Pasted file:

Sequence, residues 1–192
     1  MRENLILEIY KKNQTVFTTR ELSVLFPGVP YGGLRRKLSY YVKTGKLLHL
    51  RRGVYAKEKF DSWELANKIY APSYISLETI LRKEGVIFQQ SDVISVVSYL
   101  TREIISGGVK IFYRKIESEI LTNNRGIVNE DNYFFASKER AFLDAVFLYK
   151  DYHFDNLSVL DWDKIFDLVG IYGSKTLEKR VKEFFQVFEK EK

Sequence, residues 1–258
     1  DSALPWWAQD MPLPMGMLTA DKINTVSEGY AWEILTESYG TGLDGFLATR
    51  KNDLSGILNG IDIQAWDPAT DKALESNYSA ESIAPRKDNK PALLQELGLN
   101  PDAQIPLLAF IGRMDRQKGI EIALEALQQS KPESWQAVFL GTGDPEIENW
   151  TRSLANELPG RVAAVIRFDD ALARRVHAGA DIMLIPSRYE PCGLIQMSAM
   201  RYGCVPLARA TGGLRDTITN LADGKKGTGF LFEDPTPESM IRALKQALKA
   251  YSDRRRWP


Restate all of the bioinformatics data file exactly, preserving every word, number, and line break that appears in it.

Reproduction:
Sequence, residues 1–192
     1  MRENLILEIY KKNQTVFTTR ELSVLFPGVP YGGLRRKLSY YVKTGKLLHL
    51  RRGVYAKEKF DSWELANKIY APSYISLETI LRKEGVIFQQ SDVISVVSYL
   101  TREIISGGVK IFYRKIESEI LTNNRGIVNE DNYFFASKER AFLDAVFLYK
   151  DYHFDNLSVL DWDKIFDLVG IYGSKTLEKR VKEFFQVFEK EK

Sequence, residues 1–258
     1  DSALPWWAQD MPLPMGMLTA DKINTVSEGY AWEILTESYG TGLDGFLATR
    51  KNDLSGILNG IDIQAWDPAT DKALESNYSA ESIAPRKDNK PALLQELGLN
   101  PDAQIPLLAF IGRMDRQKGI EIALEALQQS KPESWQAVFL GTGDPEIENW
   151  TRSLANELPG RVAAVIRFDD ALARRVHAGA DIMLIPSRYE PCGLIQMSAM
   201  RYGCVPLARA TGGLRDTITN LADGKKGTGF LFEDPTPESM IRALKQALKA
   251  YSDRRRWP